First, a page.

The VoIP basics every enterprise should know
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Toll fraud and phone hacking are by no means a new threat for enterprises, but Voice over IP access lines closely...
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tied to the enterprise network are providing a bigger, more attractive target for hackers.
Service providers are moving their legacy plain old telephone system infrastructure into retirement as enterprises lean toward IP-based phone services. But as voice traffic transitions from traveling via copper lines to Internet-based packets, new vulnerabilities are emerging. The same techniques and tools used to hack into an enterprise network can now be applied to Voice over Internet Protocol (VoIP) connections.
"When very few [businesses] were using VoIP, there was security through obscurity," said Michael Brandenburg, industry analyst at Mountain View, Calif.-based Frost & Sullivan Inc. "But there is much more of an opportunity for hacking and security breaches coming down the road as VoIP and SIP trunks replace the [public-switched telephone networks] PSTN -- and enterprises need to be aware of this change."
Technology and security measures to help prevent toll fraud
Toll fraud has been historically defined as obtaining unauthorized access to PBX resources and placing long-distance calls through the phone system while the service provider remains under the impression that the calls being placed are authentic. But VoIP fraud presents larger security implications than a large phone bill. Voice being transmitted as data could expose the enterprise network in ways that wasn't possible with PSTN lines that were physically separated from the enterprise network. As a result, IT organizations must protect voice traffic at the network edge. Enterprise session border controllers (E-SBCs) are the first line of defense for enterprises, Brandenburg said.
Genband, a Frisco, Texas-based multimedia and cloud communications vendor, offers SBCs for service providers as well as enterprises. While PBX hacking and VoIP hacking aren't currently widespread problems for enterprises, they do exist, and Genband's customers have VoIP security on their radars, said Ashish Jain, director of solutions marketing for Genband.
"Our SBCs provide proper analysis of the call patterns and take proactive [steps] to alert and block [potential threats and exposures] at the right time. The enterprise SBCs provide active monitoring and adaptive security to prevent VoIP fraud," Jain said.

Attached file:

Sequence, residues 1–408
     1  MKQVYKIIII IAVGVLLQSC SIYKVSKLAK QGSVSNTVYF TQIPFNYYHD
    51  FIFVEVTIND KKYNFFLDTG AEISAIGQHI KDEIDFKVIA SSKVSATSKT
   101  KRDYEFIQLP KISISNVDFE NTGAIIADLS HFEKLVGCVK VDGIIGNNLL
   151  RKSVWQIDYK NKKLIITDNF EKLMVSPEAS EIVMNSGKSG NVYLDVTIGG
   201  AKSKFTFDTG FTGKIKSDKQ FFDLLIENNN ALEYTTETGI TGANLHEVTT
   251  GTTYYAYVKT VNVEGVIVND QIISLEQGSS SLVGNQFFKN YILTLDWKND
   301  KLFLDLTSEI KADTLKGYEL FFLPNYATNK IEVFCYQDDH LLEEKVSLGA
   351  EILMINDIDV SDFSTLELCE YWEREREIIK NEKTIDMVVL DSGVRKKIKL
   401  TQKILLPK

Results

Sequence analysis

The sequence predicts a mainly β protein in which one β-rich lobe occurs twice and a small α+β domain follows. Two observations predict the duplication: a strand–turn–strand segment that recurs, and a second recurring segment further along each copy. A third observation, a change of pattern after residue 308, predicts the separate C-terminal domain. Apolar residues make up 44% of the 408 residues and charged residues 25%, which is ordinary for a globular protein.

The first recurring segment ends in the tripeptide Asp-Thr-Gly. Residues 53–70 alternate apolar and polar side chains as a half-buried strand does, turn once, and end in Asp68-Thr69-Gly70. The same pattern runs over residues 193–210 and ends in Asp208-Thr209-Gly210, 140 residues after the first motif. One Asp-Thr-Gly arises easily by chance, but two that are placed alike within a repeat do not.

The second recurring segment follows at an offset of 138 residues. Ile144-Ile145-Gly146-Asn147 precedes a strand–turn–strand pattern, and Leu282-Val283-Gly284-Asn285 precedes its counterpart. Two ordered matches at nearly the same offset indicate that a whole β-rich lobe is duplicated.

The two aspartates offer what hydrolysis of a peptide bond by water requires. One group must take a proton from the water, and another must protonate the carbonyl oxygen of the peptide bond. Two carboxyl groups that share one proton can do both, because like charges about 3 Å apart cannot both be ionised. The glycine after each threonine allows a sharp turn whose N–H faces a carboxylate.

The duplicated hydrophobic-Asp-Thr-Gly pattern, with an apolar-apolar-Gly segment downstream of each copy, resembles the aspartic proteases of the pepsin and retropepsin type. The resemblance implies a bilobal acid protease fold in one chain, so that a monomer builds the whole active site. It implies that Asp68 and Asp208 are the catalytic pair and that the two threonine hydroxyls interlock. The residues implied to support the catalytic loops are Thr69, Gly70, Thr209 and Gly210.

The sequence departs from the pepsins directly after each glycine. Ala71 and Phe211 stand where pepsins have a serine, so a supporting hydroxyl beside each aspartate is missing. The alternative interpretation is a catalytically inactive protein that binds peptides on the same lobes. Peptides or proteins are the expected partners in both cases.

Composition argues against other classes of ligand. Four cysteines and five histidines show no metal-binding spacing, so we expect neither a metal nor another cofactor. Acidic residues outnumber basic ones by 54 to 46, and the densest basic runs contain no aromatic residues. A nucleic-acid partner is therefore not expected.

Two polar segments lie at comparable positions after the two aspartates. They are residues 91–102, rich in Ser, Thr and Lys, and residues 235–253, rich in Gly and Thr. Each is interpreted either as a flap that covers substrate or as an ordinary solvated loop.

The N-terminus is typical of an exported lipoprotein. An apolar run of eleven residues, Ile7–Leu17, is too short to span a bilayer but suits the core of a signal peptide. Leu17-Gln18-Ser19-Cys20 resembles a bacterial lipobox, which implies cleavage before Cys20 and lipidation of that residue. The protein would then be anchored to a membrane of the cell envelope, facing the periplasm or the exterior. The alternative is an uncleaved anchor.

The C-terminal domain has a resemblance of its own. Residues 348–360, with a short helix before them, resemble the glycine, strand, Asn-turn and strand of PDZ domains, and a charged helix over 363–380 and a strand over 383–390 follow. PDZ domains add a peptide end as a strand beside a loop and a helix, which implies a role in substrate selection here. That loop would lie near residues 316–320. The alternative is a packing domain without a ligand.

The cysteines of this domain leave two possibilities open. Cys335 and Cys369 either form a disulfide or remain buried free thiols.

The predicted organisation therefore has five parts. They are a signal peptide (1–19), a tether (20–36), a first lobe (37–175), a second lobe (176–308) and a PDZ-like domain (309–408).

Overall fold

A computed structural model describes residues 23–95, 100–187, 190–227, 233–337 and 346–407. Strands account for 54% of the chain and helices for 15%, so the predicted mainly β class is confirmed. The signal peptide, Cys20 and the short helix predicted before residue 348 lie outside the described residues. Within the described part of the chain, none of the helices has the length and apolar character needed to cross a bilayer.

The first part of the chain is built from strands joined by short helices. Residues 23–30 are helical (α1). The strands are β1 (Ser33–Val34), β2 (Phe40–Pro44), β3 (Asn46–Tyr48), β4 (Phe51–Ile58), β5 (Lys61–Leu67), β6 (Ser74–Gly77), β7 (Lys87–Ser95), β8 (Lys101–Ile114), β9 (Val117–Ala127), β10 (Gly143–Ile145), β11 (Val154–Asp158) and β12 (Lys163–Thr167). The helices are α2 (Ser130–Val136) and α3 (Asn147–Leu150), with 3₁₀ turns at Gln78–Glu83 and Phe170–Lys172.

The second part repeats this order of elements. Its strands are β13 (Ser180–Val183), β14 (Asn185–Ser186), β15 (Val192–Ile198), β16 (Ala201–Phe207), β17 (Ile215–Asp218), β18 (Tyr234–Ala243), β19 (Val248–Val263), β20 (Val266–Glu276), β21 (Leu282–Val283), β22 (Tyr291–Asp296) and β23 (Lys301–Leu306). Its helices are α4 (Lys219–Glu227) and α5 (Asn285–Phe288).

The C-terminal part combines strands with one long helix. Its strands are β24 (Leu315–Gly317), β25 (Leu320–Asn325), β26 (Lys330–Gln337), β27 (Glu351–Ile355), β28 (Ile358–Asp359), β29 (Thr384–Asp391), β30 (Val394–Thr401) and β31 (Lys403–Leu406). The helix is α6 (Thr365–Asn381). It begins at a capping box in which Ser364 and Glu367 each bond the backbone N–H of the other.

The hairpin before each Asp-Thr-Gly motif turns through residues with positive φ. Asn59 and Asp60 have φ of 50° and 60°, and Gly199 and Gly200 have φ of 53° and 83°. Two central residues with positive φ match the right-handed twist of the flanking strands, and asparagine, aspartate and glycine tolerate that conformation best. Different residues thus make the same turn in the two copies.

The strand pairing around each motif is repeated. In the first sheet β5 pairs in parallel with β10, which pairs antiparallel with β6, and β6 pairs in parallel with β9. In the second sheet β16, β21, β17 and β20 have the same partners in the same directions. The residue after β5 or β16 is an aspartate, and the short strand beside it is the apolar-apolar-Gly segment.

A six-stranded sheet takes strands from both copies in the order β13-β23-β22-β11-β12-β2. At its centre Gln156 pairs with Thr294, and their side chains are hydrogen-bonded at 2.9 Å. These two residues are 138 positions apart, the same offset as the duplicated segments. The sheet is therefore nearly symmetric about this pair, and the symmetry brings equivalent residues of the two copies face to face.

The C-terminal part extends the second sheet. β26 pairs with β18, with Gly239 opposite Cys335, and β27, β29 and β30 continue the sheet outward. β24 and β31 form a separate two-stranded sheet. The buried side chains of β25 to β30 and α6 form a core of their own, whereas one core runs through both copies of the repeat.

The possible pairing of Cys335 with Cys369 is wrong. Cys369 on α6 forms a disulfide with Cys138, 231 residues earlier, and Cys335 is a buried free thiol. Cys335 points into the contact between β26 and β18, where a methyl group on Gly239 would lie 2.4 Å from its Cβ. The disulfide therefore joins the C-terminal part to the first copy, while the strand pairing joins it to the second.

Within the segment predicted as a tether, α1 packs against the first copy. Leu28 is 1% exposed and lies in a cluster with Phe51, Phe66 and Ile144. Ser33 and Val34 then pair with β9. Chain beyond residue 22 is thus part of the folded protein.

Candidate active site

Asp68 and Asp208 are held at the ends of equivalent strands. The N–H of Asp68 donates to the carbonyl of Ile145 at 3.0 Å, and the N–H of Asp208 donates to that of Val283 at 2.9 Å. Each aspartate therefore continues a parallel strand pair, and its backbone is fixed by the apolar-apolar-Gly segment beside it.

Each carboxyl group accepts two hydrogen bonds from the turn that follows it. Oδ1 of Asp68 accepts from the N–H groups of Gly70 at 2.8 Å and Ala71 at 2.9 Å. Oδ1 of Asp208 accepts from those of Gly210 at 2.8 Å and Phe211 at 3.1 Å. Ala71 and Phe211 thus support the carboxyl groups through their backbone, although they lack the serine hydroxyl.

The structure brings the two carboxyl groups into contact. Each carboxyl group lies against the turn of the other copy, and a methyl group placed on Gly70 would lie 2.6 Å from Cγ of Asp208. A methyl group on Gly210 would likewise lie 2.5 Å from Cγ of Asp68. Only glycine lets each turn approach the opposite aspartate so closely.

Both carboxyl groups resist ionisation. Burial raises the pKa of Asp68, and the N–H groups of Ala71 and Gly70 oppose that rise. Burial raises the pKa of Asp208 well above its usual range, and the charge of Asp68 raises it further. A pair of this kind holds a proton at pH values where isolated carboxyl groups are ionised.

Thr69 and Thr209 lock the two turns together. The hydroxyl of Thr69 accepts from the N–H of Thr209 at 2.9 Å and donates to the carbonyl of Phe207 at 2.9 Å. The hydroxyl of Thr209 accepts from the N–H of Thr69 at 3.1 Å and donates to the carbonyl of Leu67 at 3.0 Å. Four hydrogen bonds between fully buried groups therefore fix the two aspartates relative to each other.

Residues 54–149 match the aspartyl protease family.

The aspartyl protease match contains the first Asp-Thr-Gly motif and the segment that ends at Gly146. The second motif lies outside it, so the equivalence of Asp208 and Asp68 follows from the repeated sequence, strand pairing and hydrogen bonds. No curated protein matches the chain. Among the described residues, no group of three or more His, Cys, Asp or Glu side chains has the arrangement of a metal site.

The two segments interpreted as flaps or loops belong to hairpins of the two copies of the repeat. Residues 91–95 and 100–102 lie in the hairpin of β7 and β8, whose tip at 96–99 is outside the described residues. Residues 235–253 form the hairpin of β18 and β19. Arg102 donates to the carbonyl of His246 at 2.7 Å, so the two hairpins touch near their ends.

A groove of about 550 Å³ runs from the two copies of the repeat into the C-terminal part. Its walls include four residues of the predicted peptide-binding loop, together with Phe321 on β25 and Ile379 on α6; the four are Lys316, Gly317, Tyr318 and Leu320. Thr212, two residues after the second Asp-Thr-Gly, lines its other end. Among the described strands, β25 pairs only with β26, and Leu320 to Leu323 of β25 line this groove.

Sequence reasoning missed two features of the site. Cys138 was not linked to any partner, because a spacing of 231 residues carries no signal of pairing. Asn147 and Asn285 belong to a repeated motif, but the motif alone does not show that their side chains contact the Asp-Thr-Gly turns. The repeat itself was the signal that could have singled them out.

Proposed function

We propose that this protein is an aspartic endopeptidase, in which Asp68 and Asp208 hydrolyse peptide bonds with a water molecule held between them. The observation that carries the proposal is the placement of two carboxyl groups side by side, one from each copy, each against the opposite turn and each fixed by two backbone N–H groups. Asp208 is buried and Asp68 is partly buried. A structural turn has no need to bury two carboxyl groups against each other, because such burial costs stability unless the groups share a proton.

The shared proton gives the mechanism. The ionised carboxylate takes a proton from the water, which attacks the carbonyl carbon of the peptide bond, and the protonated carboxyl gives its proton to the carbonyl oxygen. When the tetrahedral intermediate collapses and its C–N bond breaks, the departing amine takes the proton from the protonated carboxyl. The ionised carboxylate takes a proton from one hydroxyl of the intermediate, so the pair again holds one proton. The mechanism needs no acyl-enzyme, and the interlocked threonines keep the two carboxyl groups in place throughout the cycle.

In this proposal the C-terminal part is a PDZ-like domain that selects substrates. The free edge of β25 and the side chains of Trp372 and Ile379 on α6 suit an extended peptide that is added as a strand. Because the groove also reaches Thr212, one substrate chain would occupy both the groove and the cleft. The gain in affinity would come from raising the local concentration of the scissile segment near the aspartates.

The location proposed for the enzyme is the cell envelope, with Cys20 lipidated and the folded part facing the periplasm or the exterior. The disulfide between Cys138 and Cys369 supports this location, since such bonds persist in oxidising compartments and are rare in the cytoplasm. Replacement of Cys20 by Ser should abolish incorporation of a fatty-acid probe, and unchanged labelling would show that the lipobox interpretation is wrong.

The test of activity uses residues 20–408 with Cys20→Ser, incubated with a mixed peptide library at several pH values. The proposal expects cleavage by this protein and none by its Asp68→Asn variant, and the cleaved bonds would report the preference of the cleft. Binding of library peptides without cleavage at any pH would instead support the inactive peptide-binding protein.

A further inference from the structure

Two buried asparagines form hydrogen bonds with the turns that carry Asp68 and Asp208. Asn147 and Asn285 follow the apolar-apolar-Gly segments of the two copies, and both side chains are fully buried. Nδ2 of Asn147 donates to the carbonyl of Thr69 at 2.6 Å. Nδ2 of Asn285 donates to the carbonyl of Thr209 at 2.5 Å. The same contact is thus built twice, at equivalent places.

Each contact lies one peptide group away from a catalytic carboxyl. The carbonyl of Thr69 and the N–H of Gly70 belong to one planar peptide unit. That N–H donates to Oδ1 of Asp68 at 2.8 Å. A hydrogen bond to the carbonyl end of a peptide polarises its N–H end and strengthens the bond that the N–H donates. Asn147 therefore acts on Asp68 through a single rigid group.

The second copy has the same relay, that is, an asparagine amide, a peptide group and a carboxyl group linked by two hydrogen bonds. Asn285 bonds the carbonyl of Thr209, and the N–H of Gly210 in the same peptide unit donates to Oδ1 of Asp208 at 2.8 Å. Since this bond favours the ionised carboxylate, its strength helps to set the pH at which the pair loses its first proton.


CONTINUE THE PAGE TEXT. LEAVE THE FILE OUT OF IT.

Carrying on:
Like Genband, Cisco Systems also offers enterprise SBCs, but historically, it has also offered the ability to encrypt SIP signaling and media with its Unified Communications Manager to protect against eavesdropping or unauthorized access. Cisco also began rolling out new security measures for Jabber, its instant messaging client.
More on toll fraud:
Report: Mobile malware, toll fraud on the rise
VoIP security: Issues, training and best practices
VoIP toll fraud a growing concern
Building encryption and certificate-based authentication capabilities into communication tools by default is great for businesses that may have limited security resources and expertise. "If voice or video traffic is going out to the Internet, we need to make sure those streams are protected and not available to the wrong person," said Kevin Roarty, technical marketing engineer for Cisco's collaboration technology group. "This is giving peace of mind to enterprises starting to use VoIP and cloud services."
Firewalls and encryption won't stop every kind of threat, however. Many audio conference lines leave enterprises "flying blind," without the ability to see names or phone numbers that may have entered the conference without permission after obtaining a password fraudulently, Roarty said. Cisco's WebEx platform for voice and video conferencing offers visibility into who is on the call by providing roster functionality. Cisco also offers administrators the ability to drop unauthorized callers from the conference line and time-of-day routing that can deactivate portions of the dial plan after-hours, which is when toll fraud typically occurs.
Best practices for preventing toll fraud, VoIP hacking
Built-in security measures, tools and technology at the edge of the network will play a critical role in locking down VoIP traffic and preventing new versions of toll fraud. In addition, best practices for VoIP security must be followed by enterprise users.
"Businesses need to take a measured approach to deploying VoIP and follow best practices," Frost and Sullivan's Brandenburg said. "While we haven't seen a large-scale attack on VoIP yet, that doesn't mean people aren't trying."
VoIP phone vendor snom technology AG, headquartered in Berlin, Germany, offers encryption and authentication certificates on its phones, but enterprise IT organizations can't simply rely on technology for security, said Mike Storella, vice president of snom Americas.
Enterprises should also prohibit trivial or recycled passwords [in order] to keep any invalid users from logging in. "Hackers are getting in because enterprises don't set good passwords. Many default passwords on IP phones -- like '1234' -- are well known and never changed," Storella said.
Snom's phones can be locked down to give only authorized end users certain phone privileges and access, similar to an IT-issued corporate laptop with a limited set of features, he said. The company is also offering professional security auditing services for its IP phones to its value-added resellers and customers.
"For enterprises that are new to VoIP and might be a little leery, an audit can help [an organization] figure out if all the available security measures and encryption capabilities are turned on and all the passwords are set," he said.